This is a great one for history buffs. A Sunday in Hell captures the 1976 Paris-Roubaix from the viewpoints of the organizers, spectators and participants. What sets this apart from other race documentaries is that it really reveals the atmosphere and spirit of a professional race. Following contenders Eddy Merckx, Roger De Vlaeminck, Freddy Maertens and Francesco Moser from the start of the race all the way through the punctures and crashes in the muddied, slick, cobbled tracks to the finish, this film gives a realistic feel of how the races plays out. And when they're done, these badass cyclists, definitely look like they've spent the day in hell.

    Stars and Watercarriers
    Directed by Jørgen Leth

    Another great documentary from Leth, Stars and Watercarriers is less about the story of the 1973 Giro d'Italia it covers, and more about the heroic—and downright intimidating—way Eddy Merckx handles a race. But it also reveals some of the often unspoken heroics of the watercarriers and workers behind the scenes. There's a particularly incredible scene where the glass bottles are opened with church keys and passed around.

    The Bicycle Thief
    Directed by Vittorio De Sica

    Nobody likes a bike thief. Set in post-WWII Rome, The Bicycle Thief follows Antonio Ricci and his son Bruno, as they search for Antonio's stolen bike, which is a necessity if he wants to keep his job and be able to support his family. The film itself is really well done and, only four years after its 1948 release, Sight and Sound magazine declared it the best film of all time.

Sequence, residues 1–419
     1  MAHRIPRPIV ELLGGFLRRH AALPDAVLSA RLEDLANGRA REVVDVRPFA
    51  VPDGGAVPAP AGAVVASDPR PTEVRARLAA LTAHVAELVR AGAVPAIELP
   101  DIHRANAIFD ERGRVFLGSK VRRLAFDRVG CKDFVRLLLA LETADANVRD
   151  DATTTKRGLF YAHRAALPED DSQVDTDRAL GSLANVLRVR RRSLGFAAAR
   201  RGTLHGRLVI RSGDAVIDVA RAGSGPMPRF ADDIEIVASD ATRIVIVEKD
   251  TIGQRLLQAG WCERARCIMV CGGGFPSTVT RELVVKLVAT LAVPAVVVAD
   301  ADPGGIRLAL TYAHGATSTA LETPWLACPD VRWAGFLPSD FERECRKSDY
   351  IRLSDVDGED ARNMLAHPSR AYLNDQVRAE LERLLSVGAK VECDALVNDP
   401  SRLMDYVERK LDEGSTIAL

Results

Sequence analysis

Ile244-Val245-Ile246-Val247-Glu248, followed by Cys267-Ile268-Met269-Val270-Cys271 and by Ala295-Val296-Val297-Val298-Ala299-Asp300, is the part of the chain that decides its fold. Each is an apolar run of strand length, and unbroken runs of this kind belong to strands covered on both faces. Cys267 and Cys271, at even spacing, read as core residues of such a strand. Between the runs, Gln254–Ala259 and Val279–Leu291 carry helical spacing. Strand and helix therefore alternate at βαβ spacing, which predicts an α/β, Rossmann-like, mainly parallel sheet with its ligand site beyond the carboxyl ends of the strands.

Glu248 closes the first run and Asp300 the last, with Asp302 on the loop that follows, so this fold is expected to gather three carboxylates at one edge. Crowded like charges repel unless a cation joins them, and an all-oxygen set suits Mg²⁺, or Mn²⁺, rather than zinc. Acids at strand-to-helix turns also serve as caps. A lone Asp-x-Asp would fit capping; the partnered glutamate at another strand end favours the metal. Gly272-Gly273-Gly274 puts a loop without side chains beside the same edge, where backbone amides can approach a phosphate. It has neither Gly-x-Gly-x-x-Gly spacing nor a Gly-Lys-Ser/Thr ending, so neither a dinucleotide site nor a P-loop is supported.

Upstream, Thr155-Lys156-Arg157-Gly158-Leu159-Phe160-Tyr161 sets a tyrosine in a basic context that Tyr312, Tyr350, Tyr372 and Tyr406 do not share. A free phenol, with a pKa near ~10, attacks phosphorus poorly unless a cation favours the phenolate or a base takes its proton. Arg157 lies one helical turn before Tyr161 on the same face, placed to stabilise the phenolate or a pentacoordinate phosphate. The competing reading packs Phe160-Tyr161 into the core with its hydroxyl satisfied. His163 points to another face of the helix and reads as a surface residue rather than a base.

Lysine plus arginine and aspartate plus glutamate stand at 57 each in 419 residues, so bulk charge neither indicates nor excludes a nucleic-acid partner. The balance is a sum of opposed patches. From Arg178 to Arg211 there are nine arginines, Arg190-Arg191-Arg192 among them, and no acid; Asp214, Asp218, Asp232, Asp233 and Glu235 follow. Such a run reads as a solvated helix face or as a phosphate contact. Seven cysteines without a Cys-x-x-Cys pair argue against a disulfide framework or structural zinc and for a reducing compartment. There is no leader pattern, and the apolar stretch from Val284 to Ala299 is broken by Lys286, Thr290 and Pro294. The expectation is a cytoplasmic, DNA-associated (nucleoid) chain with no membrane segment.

The Flying Scotsman
    Directed by Douglas Mackinnon

    Based on the life and career of Scottish amateur cyclist Graeme Obree, The Flying Scotsman captures Obree's attempts to become the world's fastest bike racer despite his debt, mental illness and the resentment he faces for having no real funding or backing. The script was adapted from Obree's autobiography of the same name. One of the cool things is that Obree actually stood in for Jonny Lee Miller, the actor who portrays him, in some of the cycling sequences.

    The Greatest Show on Earth
    Directed by Michael Pfleghar

    Not to be confused with the 1952 movie about a circus, The Greatest Show on Earth does reveal the circus-like aspects of bike racing as it documents the 1974 Giro d'Italia, which is the perhaps the most insane of the Grand Tours. Oh, and the Pope makes an extra special appearance. This is a natural follow-up film to watch after Stars and Watercarriers, an overall great way to spend a couple of hours.

    Bicycle Dreams
    Directed by Steven Auerbach

    Sleep deprivation, challenging terrain and bad weather—that's what riders in the 2005 Race Across America had to cope with (plus, you know, the part where they were racing across America). Bicycle Dreams sets out to capture the 3,000-mile race from start to finish, but when one of the riders, Bob Breedlove, a veteran racer and endurance cycling legend, is killed in a collision only days into the race, the other cyclists must figure out how to cope and whether or not they should keep going.

    Honorable mentions include Pee Wee's Big Adventure, Ride the Divide, The Impossible Hour, 2 Seconds and Quicksilver.

    Did we miss any of your favorites? Let us know in the comments section below.